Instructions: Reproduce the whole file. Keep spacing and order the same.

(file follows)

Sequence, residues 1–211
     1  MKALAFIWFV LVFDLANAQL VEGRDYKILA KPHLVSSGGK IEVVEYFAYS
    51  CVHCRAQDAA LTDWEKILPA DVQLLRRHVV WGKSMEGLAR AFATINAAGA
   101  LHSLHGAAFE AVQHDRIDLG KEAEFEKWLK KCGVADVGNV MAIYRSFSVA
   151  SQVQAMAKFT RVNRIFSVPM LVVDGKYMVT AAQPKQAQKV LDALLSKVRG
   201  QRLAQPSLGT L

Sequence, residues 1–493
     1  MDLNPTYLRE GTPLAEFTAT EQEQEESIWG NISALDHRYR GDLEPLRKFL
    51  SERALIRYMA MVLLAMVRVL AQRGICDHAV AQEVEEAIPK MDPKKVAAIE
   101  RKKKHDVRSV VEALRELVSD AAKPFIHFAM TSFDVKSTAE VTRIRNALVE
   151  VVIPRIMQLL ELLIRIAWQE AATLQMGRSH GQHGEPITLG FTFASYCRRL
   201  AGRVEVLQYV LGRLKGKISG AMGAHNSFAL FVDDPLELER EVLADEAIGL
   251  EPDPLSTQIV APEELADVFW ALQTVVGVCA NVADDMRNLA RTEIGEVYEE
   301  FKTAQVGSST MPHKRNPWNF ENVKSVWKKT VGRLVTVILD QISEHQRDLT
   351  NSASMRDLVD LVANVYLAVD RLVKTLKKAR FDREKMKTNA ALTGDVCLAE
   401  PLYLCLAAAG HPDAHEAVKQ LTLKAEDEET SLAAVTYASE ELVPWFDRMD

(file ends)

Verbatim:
Sequence, residues 1–211
     1  MKALAFIWFV LVFDLANAQL VEGRDYKILA KPHLVSSGGK IEVVEYFAYS
    51  CVHCRAQDAA LTDWEKILPA DVQLLRRHVV WGKSMEGLAR AFATINAAGA
   101  LHSLHGAAFE AVQHDRIDLG KEAEFEKWLK KCGVADVGNV MAIYRSFSVA
   151  SQVQAMAKFT RVNRIFSVPM LVVDGKYMVT AAQPKQAQKV LDALLSKVRG
   201  QRLAQPSLGT L

Sequence, residues 1–493
     1  MDLNPTYLRE GTPLAEFTAT EQEQEESIWG NISALDHRYR GDLEPLRKFL
    51  SERALIRYMA MVLLAMVRVL AQRGICDHAV AQEVEEAIPK MDPKKVAAIE
   101  RKKKHDVRSV VEALRELVSD AAKPFIHFAM TSFDVKSTAE VTRIRNALVE
   151  VVIPRIMQLL ELLIRIAWQE AATLQMGRSH GQHGEPITLG FTFASYCRRL
   201  AGRVEVLQYV LGRLKGKISG AMGAHNSFAL FVDDPLELER EVLADEAIGL
   251  EPDPLSTQIV APEELADVFW ALQTVVGVCA NVADDMRNLA RTEIGEVYEE
   301  FKTAQVGSST MPHKRNPWNF ENVKSVWKKT VGRLVTVILD QISEHQRDLT
   351  NSASMRDLVD LVANVYLAVD RLVKTLKKAR FDREKMKTNA ALTGDVCLAE
   401  PLYLCLAAAG HPDAHEAVKQ LTLKAEDEET SLAAVTYASE ELVPWFDRMD